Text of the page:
They even got their local MP involved, who Paliotti said put in calls almost every day for them.

Their efforts were in vain. On Wednesday, they headed to the Laval passport office in a last-ditch effort, but Michalsky said that after four or five hours, they were told there would be no appointments. That was when she realized she wouldn't be able to go. 

Paliotti said the trip itself cost over $4,000, but she estimated that total costs, including pre-travel vaccinations and shopping, were at least $5,000.

I worked very hard for my money and I took the first opportunity I had to do something I've always wanted to do, said Michalsky. It's just devastating to have to tell my friend that I couldn't go with her.

Triage system

The federal government has attributed the lines snaking around passport offices across the country, including in Vancouver (new window) and London, Ont (new window)., to an unprecedented surge in applications as travel opens up again after two years of pandemic restrictions.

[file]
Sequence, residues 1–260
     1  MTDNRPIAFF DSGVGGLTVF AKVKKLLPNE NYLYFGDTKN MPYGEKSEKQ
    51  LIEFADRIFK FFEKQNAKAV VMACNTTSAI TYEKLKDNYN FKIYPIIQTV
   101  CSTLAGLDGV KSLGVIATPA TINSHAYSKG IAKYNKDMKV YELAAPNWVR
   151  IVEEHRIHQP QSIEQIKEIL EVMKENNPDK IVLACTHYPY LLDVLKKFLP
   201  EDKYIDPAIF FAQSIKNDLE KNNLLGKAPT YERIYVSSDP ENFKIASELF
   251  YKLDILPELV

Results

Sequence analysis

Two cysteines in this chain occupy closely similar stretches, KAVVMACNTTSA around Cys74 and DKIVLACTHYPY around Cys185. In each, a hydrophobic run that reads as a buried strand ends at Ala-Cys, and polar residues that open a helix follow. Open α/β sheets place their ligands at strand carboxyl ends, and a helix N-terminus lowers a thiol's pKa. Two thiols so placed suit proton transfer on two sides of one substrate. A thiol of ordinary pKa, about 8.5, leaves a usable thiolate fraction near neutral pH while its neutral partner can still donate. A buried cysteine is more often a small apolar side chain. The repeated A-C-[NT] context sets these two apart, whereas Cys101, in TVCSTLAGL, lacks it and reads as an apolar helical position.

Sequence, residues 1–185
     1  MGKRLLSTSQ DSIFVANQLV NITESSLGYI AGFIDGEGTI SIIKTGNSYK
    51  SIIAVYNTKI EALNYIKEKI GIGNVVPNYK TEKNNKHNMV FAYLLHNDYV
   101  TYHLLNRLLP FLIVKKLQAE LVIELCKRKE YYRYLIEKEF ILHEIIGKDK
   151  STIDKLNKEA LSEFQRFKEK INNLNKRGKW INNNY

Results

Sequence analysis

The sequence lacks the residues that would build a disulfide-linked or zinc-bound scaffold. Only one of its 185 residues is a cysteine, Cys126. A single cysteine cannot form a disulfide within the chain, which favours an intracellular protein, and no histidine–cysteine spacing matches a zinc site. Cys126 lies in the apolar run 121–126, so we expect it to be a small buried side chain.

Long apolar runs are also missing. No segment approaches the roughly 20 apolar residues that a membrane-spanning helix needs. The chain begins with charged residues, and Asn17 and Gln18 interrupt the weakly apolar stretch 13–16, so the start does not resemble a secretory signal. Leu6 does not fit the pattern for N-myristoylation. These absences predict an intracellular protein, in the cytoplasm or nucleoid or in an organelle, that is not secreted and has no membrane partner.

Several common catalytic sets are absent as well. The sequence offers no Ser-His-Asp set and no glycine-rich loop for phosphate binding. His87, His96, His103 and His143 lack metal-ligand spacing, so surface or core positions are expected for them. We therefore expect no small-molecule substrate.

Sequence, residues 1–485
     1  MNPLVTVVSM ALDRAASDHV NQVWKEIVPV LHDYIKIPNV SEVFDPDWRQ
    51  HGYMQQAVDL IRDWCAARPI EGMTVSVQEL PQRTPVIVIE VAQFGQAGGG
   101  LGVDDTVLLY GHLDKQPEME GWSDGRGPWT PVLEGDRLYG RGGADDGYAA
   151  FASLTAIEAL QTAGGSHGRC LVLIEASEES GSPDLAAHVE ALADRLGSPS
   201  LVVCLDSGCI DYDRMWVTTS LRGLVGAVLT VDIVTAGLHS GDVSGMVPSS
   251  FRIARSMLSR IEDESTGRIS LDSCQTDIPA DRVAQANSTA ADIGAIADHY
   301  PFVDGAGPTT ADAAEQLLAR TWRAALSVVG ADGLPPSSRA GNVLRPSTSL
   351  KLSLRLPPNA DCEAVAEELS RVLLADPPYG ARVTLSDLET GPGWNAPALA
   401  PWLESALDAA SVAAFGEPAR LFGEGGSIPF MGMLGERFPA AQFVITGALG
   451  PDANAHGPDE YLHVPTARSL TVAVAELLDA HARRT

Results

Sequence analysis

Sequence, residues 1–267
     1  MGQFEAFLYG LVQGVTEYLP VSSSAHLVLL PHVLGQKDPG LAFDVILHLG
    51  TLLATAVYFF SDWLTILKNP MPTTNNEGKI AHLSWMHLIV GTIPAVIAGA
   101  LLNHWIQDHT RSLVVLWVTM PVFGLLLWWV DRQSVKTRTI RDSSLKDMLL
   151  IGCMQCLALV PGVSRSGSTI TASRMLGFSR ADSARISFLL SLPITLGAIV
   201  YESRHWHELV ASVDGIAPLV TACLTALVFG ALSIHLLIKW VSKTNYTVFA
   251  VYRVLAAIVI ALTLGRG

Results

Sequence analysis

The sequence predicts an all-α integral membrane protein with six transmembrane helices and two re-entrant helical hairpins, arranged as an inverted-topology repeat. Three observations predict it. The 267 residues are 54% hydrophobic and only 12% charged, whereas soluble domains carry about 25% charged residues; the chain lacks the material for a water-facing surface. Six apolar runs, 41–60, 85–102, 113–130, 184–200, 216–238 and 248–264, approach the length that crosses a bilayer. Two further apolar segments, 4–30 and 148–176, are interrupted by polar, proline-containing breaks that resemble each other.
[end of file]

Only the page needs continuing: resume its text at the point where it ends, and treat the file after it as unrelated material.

People camp in line outside a Service Canada passport office in Vancouver on Wednesday. Long lines and wait times are the result of a massive backlog of applications at passport offices across the country.

People camp in line outside a Service Canada passport office in Vancouver on Wednesday. Long lines and wait times are the result of a massive backlog of applications at passport offices across the country.

Photo: Radio-Canada / Benoit Ferradini